A key outcome of President Barack Obama's Asia tour is an apparent tactical withdrawal by China on drilling rights in the South China Sea. This does not mean that Vietnam, the Philippines and others in the sea can proceed with abandon, but -- at least for now -- Chinese naval ships may be less likely to interrupt oil and gas exploration. Locally there is some elation, with The Times of India calling it a "climbdown" by China.
The issue of who owns what waters in the East China and South China seas is wrapped up in both fortune and stature -- though the seas are relatively unexplored, some experts believe many billions of oil and gas lie underneath; in addition, China regards sovereignty over the waters as a sign of its great-power status. So over the last two years, numerous diplomatic and military confrontations have occurred between China and the oil-drilling plans of its neighbors. In 2010, it was particularly unseemly to observe Japan reduced to effective groveling after a confrontation with China over rare-earth minerals.
China being much larger, some of its intimidated neighbors have welcomed a stepped-up U.S. presence as an equalizer. That has played into narratives unfolding in the United States -- angst over a widely perceived national decline, along with Obama's difficult re-election battle.
All of these layers were on display Saturday, when 16 of 18 leaders gathered in Bali for an Asian summit one after another mustered their nerve and told Chinese Premier Wen Jiabao of their worry over the security of the waters off their shores. Obama expressed the same concern in the forum.
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The Philippines is engaged in a muscle-flexing row with China over oil drilling in the South China Sea, writes Andy Higgins at the Washington Post. So are India and Vietnam, reports Ishaan Thardoor at Time, who wonders whether war is possible between China and India.
The South China Sea is one of the world's energy flashpoints, and it's all about who has the rights to explore for a suspected treasure trove of undersea oil and gas. China asserts a historical claim to nearly the entirety of the South and East China seas, but faces competition from Brunei, Japan, Malaysia, the Philippines, Taiwan and Vietnam (Vietnamese protestors pictured above). No one knows whether there actually is a motherlode of hydrocarbons under the seabed of this island-strewn region. But there has been sufficient evidence to create a crisis of oil envy. China's rise as a global power is embedded in the friction.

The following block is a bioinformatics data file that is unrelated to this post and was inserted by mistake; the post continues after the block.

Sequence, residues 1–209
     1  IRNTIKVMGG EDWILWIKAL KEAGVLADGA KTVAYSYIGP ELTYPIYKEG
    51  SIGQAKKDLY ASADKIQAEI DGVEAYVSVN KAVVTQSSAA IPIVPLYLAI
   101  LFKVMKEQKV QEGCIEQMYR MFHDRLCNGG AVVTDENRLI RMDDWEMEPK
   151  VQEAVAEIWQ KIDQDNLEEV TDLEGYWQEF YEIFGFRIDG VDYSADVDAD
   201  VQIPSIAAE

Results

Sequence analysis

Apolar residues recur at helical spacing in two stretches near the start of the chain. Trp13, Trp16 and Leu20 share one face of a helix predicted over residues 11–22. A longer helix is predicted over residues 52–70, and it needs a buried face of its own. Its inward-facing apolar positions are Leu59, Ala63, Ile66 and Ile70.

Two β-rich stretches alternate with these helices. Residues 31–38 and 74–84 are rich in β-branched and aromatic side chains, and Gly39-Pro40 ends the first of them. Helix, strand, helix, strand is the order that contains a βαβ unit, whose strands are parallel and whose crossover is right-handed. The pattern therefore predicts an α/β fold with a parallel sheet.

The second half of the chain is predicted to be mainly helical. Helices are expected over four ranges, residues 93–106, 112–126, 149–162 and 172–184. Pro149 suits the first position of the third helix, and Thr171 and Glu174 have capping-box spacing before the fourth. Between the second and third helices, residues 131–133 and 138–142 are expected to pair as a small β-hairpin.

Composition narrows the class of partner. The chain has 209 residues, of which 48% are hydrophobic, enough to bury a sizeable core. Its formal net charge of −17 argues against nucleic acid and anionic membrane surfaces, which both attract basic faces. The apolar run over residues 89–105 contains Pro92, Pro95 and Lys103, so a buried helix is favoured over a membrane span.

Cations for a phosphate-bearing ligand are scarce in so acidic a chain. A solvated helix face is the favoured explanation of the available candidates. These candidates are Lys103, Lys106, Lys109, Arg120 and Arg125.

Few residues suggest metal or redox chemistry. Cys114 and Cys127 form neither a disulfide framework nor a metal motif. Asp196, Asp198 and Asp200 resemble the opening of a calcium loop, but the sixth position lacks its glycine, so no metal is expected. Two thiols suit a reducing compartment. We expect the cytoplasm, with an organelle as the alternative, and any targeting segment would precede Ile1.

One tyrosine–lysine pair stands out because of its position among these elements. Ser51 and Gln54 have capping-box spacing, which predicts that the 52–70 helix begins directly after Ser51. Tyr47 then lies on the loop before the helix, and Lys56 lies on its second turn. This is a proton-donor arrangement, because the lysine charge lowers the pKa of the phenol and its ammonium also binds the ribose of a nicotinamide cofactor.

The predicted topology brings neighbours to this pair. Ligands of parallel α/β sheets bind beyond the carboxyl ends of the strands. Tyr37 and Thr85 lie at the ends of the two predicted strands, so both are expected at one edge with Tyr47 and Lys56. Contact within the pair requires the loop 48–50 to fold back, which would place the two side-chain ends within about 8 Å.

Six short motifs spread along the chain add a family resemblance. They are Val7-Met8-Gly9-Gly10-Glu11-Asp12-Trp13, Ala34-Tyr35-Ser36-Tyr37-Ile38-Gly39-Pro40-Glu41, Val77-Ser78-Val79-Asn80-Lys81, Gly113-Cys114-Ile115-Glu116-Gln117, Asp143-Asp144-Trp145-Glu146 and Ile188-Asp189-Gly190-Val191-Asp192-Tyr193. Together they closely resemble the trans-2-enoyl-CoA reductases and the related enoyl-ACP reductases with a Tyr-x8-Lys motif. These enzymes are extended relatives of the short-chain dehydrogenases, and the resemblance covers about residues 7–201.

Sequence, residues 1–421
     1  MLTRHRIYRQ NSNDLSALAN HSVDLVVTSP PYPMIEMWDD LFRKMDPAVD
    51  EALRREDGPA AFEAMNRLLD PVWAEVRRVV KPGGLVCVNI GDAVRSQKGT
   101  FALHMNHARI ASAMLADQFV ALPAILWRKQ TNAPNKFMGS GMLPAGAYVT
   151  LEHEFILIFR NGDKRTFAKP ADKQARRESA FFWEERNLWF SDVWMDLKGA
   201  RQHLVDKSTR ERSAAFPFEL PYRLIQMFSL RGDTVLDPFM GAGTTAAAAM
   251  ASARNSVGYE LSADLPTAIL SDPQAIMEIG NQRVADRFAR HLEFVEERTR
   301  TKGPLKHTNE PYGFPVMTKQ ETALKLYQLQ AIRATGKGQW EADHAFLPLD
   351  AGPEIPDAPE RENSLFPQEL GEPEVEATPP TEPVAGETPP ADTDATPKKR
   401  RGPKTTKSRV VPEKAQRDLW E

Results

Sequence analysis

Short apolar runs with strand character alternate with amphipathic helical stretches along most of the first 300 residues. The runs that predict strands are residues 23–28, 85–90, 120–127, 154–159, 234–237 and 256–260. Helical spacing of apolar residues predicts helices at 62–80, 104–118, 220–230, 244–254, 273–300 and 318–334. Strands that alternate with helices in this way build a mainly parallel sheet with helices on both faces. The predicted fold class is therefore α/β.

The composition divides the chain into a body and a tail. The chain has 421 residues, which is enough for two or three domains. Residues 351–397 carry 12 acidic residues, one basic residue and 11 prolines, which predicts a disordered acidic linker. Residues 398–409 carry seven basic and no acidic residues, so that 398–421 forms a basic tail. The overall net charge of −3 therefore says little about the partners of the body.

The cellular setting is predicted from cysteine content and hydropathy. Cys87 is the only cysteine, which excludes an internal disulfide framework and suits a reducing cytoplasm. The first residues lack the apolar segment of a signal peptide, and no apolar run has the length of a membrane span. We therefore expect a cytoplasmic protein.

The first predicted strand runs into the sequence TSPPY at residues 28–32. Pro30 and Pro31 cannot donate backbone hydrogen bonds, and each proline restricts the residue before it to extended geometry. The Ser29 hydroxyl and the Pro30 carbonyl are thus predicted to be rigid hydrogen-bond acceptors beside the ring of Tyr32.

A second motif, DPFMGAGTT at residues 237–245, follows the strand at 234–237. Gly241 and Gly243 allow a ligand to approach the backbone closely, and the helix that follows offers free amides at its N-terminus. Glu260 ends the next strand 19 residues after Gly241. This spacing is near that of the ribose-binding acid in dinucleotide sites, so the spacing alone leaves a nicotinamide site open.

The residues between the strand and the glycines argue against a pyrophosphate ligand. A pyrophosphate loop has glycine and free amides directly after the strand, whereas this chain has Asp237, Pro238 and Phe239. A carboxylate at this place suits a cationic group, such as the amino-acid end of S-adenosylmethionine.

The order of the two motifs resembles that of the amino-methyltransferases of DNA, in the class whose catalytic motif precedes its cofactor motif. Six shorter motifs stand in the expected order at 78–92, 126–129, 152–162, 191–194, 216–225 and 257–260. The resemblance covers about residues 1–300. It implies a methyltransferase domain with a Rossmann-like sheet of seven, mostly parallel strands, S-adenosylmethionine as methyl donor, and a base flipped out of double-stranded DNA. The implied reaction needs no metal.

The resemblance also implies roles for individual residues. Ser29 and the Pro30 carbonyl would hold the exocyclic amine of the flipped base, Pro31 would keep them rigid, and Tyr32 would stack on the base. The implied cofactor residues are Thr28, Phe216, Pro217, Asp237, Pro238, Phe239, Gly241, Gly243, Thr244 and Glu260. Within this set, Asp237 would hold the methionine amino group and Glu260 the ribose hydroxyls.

This is not new nor surprising. In Monsoon, Bob Kaplan's fascinating analysis of this hub of geopolitical tectonic plates, we read of the escalating naval rivalry in the South China Sea, and a possible future conflict in the Indian Ocean. Of Beijing's aims in building up a blue-water naval force, Kaplan writes:
Above all, China's demand for energy motivates both its foreign policy and national security policy; the need for an increasing, uninterrupted flow of energy to sustain its dramatic economic growth. Despite its increasing emphasis on coal, biomass, nuclear power, and other alternatives, China requires ever more oil and natural gas. ... Concurrently, China officials see this very need for imported petroleum products as a pressure point that a future adversary might exploit. ... If you governed China, with the responsibility of lifting hundreds of millions of Chinese into an energy-ravenous, middle-class lifestyle, you, too, would seek a credible navy in order to protect your merchant fleet across the Indian Ocean and the western Pacific.
Indeed in a report issued yesterday, the U.S. Department of Energy reinforced other findings that China and India's relative energy appetite is soaring -- by 2035, they will account for 31 percent of world energy consumption, up from 21 percent in 2008.
But where some of the analysis goes astray is projecting too far in the future, and missing the implications of nearer-term outcomes. China is far, far away from matching the U.S. on the seas, but that matters less than one might think in the high-stakes brinksmanship under way in the South China Sea.
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Steve LeVine is the author of The Oil and the Glory and a longtime foreign correspondent.